By now, it's clear that most Minnesotans think winter has overstayed its welcome, but the continued chill is causing some issues for the critters that call the great outdoors home.
The whole circle of life is currently on hold -- no flowers for bumble bees, too cold for tadpoles, and the birds are in a bind when it comes to finding food.
There are more than 100 species of birds that migrate through Minnesota after wintering in the Gulf of Mexico. The loons are beginning to return to their northern lakes -- even if their accommodations aren't quite ready for check in.
"They're probably not too happy about that, but they don't have a choice," admitted Carrol Henderson, of the Minnesota Department of Natural Resources. "But, there will be plenty of fish in the river. That's one of the birds that can adapt until things get better."
Henderson said other species are in for a surprise. Birds that feed primarily on insects, like the purple martin and swallows, could be in trouble if things don't warm up soon.
"If that hatch is delayed, sometimes they may actually starve to death when they get back to Minnesota," he said.
Bald eagles don't migrate, but a camera placed inside a nest captured what can happen when the three eggs were laid a little too soon.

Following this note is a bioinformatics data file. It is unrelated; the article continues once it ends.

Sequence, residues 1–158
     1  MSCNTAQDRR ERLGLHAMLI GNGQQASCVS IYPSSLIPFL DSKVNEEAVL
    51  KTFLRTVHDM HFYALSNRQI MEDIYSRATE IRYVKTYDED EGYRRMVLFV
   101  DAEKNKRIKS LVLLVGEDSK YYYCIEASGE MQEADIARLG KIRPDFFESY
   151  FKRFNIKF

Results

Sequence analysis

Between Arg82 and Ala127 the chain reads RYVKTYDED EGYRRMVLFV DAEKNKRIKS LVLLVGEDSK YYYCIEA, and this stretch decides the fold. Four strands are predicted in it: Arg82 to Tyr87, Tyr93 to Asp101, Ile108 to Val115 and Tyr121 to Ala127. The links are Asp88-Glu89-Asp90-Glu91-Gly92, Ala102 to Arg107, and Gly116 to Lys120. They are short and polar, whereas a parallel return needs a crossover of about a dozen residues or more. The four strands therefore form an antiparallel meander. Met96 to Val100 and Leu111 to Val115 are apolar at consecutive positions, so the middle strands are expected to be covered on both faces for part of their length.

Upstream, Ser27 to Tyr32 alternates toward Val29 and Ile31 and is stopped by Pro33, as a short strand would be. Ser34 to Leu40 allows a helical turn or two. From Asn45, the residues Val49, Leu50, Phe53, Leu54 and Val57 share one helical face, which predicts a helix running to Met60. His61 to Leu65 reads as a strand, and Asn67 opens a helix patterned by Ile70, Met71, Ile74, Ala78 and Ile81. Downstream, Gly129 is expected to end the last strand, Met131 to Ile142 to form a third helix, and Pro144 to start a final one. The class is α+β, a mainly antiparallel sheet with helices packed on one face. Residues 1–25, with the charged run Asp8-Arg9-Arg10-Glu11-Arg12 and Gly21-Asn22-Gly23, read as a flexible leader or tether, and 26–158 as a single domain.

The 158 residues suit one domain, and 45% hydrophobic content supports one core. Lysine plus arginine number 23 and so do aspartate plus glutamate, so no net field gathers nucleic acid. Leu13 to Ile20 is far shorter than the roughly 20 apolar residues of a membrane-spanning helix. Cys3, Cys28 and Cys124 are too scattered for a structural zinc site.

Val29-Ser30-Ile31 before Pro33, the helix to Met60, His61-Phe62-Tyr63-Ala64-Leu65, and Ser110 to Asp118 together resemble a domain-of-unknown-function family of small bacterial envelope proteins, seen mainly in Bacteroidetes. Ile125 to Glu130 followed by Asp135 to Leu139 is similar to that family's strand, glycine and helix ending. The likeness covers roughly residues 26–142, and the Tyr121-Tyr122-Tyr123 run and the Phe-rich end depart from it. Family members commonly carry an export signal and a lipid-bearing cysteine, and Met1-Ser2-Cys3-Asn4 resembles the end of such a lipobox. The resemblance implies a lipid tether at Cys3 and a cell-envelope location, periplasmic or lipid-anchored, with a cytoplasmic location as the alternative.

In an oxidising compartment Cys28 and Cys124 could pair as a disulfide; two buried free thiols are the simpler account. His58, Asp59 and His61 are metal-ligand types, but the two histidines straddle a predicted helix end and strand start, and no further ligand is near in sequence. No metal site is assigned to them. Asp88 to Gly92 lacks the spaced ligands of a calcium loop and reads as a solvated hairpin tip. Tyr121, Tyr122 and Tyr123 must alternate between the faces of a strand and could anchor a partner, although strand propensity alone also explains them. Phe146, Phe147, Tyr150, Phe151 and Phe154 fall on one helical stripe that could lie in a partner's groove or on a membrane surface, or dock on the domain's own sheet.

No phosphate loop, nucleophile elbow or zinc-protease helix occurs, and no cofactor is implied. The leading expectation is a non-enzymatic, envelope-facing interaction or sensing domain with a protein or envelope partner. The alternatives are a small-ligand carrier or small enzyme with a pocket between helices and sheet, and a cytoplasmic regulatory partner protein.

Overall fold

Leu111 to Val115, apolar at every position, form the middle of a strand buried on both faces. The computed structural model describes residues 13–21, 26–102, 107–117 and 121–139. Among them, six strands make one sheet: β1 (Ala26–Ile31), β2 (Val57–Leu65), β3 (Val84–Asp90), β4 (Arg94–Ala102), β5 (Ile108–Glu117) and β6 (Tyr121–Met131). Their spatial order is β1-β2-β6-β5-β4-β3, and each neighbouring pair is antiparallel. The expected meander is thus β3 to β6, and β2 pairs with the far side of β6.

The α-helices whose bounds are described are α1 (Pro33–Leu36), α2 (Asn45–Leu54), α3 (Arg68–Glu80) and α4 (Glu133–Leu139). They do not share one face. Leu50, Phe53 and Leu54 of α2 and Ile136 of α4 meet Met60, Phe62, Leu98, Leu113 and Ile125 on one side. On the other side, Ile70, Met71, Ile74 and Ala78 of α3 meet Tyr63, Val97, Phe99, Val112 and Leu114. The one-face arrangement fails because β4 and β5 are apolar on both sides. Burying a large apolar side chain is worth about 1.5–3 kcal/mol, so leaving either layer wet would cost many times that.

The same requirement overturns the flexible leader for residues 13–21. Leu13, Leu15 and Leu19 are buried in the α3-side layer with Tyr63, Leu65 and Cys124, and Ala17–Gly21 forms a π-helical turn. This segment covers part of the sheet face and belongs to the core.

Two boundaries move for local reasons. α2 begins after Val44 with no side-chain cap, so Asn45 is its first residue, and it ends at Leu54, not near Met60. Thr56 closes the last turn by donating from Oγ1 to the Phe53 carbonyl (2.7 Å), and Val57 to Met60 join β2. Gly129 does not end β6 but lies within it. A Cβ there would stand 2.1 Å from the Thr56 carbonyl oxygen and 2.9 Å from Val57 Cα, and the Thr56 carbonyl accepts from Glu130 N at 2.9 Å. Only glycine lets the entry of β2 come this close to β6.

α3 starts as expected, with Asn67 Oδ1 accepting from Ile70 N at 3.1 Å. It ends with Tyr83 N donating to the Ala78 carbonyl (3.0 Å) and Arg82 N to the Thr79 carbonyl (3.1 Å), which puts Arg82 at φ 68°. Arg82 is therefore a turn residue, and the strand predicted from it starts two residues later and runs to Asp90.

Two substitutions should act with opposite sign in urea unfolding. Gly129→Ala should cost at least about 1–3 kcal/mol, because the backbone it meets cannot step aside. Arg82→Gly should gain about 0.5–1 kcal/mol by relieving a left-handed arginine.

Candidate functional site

"They were observed off the nest long enough during a really cold spell that we believe those eggs froze because a month and a half later, the eggs didn't hatch," Henderson explained.
While a few backyard birds may have already settled in, there are few worms in sight. That means robins will often feed on fruit trees while others flock to nearby bird feeders.
"I think the birds are fine," said Joan Swanson, at Wild Birds Unlimited. "We get very depressed about it because we're emotionally attached to the weather."
Yet, water fowl like geese will find it too cold to incubate their eggs when they return.
"In many years, the Canada goose will start nesting in the first week of April and they've got goslings hatching by the third or fourth of May, which is yet this week," Henderson said. "I don't know that that's going to happen this year."
Given the mess a goose can make, anyone hoping their loss might be a net gain for humans should think again because according to the DNR, the geese may just try again if the first clutch of eggs doesn't take.